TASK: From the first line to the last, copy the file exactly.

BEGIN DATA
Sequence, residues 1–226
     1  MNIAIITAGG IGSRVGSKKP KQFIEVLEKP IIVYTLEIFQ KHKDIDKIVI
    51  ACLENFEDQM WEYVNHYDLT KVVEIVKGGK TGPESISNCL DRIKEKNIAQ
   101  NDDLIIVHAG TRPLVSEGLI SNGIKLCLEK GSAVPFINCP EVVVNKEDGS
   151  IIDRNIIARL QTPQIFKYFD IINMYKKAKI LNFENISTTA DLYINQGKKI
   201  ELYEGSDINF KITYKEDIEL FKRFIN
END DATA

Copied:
Sequence, residues 1–226
     1  MNIAIITAGG IGSRVGSKKP KQFIEVLEKP IIVYTLEIFQ KHKDIDKIVI
    51  ACLENFEDQM WEYVNHYDLT KVVEIVKGGK TGPESISNCL DRIKEKNIAQ
   101  NDDLIIVHAG TRPLVSEGLI SNGIKLCLEK GSAVPFINCP EVVVNKEDGS
   151  IIDRNIIARL QTPQIFKYFD IINMYKKAKI LNFENISTTA DLYINQGKKI
   201  ELYEGSDINF KITYKEDIEL FKRFIN